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December 5, 2014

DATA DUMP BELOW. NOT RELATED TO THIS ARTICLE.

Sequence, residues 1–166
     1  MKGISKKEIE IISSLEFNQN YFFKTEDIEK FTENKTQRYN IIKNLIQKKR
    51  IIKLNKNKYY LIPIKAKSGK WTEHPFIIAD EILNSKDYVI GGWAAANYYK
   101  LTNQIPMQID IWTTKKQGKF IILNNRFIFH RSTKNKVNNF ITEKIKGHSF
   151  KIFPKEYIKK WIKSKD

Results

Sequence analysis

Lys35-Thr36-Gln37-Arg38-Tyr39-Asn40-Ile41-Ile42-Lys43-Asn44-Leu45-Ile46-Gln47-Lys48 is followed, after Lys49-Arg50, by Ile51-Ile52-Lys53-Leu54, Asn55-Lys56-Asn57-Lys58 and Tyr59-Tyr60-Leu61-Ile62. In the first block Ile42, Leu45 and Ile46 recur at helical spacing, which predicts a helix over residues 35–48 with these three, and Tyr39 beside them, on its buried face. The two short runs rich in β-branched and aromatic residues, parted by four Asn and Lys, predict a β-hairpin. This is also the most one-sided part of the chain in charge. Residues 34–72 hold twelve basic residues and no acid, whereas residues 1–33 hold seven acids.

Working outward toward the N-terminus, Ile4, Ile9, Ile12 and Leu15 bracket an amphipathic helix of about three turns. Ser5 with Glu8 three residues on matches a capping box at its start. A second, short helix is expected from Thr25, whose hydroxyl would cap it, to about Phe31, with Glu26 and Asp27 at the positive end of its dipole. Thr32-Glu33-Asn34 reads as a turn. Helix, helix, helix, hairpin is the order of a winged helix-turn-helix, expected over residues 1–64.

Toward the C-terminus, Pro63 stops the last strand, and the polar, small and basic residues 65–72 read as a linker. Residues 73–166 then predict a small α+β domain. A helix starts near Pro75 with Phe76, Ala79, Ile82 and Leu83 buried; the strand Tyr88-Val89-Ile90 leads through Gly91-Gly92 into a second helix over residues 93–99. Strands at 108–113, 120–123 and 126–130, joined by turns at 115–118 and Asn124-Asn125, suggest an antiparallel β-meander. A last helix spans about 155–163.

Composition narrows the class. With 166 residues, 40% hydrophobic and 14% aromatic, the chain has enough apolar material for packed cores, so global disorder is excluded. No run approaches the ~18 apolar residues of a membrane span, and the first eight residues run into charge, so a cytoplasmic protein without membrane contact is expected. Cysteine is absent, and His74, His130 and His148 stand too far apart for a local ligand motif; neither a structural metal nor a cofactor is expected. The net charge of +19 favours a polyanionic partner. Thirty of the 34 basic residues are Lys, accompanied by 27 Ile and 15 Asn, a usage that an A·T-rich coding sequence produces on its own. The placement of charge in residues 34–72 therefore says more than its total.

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HERITAGE FLORIDA JEWISH NEWS, DECEMBER 5, 2014 After midnight, the (Jewish) stars come out By Matt Robinson From Tevye the dairyman to Maroon 5's Adam Levine to "Let It Go" singer Idina Menzel, Jews have always been at the forefront of the music scene. Burt Sugarman and Mark Goodman are no different. As on of the pre- eminent television and film producers in history,. Sugar- man's rolodex of connections would make any A-lister blush. Goodman, one of the first on- air personalities for the MTV network, had his finger on the pulse of pop music for years. The two industry icons spoke to about the recent release of a collector's edition DVD set of Sugar- man's pioneering television program "Midnight Special" by StarVista Entertainment/ Time Life. From August 1972 to May 1981, the program of- fered a live look at virtually all of the top performing artists of the day, from Sugaman's beloved country music to come@. Among the hundreds of Grammy-winning and chart-topping guests were Billy Joel, Barry Manilow, Randy Newman, John "Bow- zer" Bauman and Sha Na Na, and the KISS duo of Stanley Eisen and Chaim Witz (aka Paul Stanley and Gene Sim- mons). "Midnight Special" also featured legendary comic talents as George Burns, Bill Crystal, An@ Kaufman, Robert Klein, and Joan Rivers. Having started out his career in television, Sugar- man knew network execu- tives and had opportunities to pitch them shows. He Burr Sugarman often had their ears because of his Successful work with programs such as "Celebrity Sweepstakes" an d "The New- lywed Game." Even so, getting "Midnight Special" to sell was an uphill battle. "I had trouble getting any of the networks," Sugarman says, noting how his goal was to land at NBC in the spot after Johnny Carson's "Tonight Show." "Johnny was a next-door neighbor of mine," says Sug- arman. "We played tennis all the time together. I knew that that rating, when he went off, would be terrific to lead in to something." Yet the network was not interested in the audience demographic that they as- sumed would go for a late- night music show. Unwilling to give up, Sugarman took a risk and offered to finance the first show himself. "That's pretty hard [for a network] to turn down," he says. The next challenge was finding artists who were will- ing to come on the new show. "Some of the mainline artists," Sugarman explains, refusing to give names, "were panicked.., to walk out in front and see a red light on three or four cameras and start to sing or talk or something." Since "Midnight Special" did not use lip syncing (unlike other popular shows at the time), the artists had to be at their best and had no second chance to make their impres- sions on the eager audience. "All that made it very inter- esting," Sugarman says. "But we got through it and loved every second of it." Asked what links the musi- cally, culturally, and racially diverse talents on "Midnight Special," Goodman suggests that "the basic thing that they all have in common is that they were musical pioneers and they were artists." "They were trying to do things that were going to make peolSle spark to music and were current with the times, and in many cases, even forward-looking," Goodman tells The MTV network launched in August 1981, just a few months after "Midnight Spe- cial" went off the air. Good- man says he doesn't believe MTV could have existed "without 'Midnight Special' as a precursor." Recalling the experience of watching "Midnight Special," Goodman says, "Some of the performances are so incred- ible.., because they're live." Once the show took off, the artists began to line up to per- form. Some came on repeat- edly, taking full advantage of the publicity offered by this new platform. Sugarman says one performer even "wanted to present me with a gold album for being responsible, they said, for selling all the records." Despite having a "who's who" of music legends on "Midnight Special," Sugar- man always regrets the one that got away--Elvis Presley. "I knew [Elvis] quite well and played football on week- ends with him, and spent a lot of time with him, so that made it even harder not to have him on the show," Sug- arman says. Asked what first sparked his interest in music, Good- man recalls growing up in Philadelphia, listening to his parents' jazz heroes and the soulful sounds of the bands in the City of Brotherly Love. "As a young teenager, while all my friends were listening to pop music, I was listening to Smokey Robinson and... The Sound of Philadelphia," he says. "I like being in the position But when Goodman heard that I'm in, because... I get to Eric Clapton's early super group Cream, everything changed. "Between that and a couple of other things that were go- ing on with my generation at the time, I got into rock and roll, and the rest, as they say, is rock history," he says. Though he is no longer at MTV, Goodman continues to be a player in the industry as a host on Sirius XM radio. PAGE 11A NBC Television - eBay via Wikimedia Commons The Bee Gees perform on the "Midnight Special" televi- sion program in 1973. While old fans can reminisce and new fans can see what they missed, Sugarman continues to toy with the idea of bringing "Midnight Special" back to the airwaves. "I am talking to someone now that's been talking to me for about a year and a half about it," Sugarman says, declining to reveal the name. "He would be a great host, a wonderful artist, but we'll have to see if it goes further. I rather doubt it, but we'll see." turn people onto [music]," he says. While "Midnight Special" has not been in regular broad- cast for decades, it continues to gain fans through 'videos and online editions year after year. That is why Sugairman decided to put out this new edition, which comes in avari- ety of formats that range from a single-disc "best of" to an 11-disc "collector's edition." Wellesley students fear rise in anti-Semitism Wellesley College in Boston, Mass. " ( stu- dents at Wellesley College, a Boston-area school for women, fear that anti-Sem- itism is growing on campus following what they call the school administration's lax response to the anti-Israel activities of Students for Justice in Palestine (SJP) as well as its decision to fire the school's Hillel director and Jewish chaplain. "I firmly believe this college is becoming increasingly anti- Semitic," Jordan Hannink, a junior at Wellesley, told Haaretz. Several posters have been Wikimedia Commons plastered on walls around the campus "with images of Palestinian children who were killed or wounded dur- ing the Gaza war." Another poster in the student center asks, "What does Zionism mean to you?" Responses to that question that were subsequently written on the poster include "genocide," "apartheid," and "murder," according to Haaretz. Jewish students said they had turned to the school's Hillel branch for support in their fight against campus anti-Zionism, but that those efforts were undermined by the school's decision to fire Hillel director Patti Schein- man and Jewish chaplain David Bernat. School officials cited "restructuring" as the reason for the firings. Wellesley Jewish students said the abrupt firings made them feel "like we just lost our support system and are on our own," one student told Haaretz. Additionally, efforts by Jewish students to have dialogue with SJP were scuttled by SJP's refusal to en- gage Jewish students, due to the anti-Israel's groups policy of "anti-normalization" of Jewish and pro-Israel groups. Dedicated To Serving Our Jewish Community Call on central Florida's Exclusively Jewish Funeral Home for Details Regarding: Traditional Jewish Funerals Non-Traditional Services Interstate Shipping Pre-Arranged Funerals (Shalom Assurance Plan) Headstone, Grave Markers (Cardinal Memorials) 407-599-1180 640 Lee Rd. Orlando, Florida W.E. "Manny" Adams, LFD Samuel P. (Sammy) Goldstein, Executive Director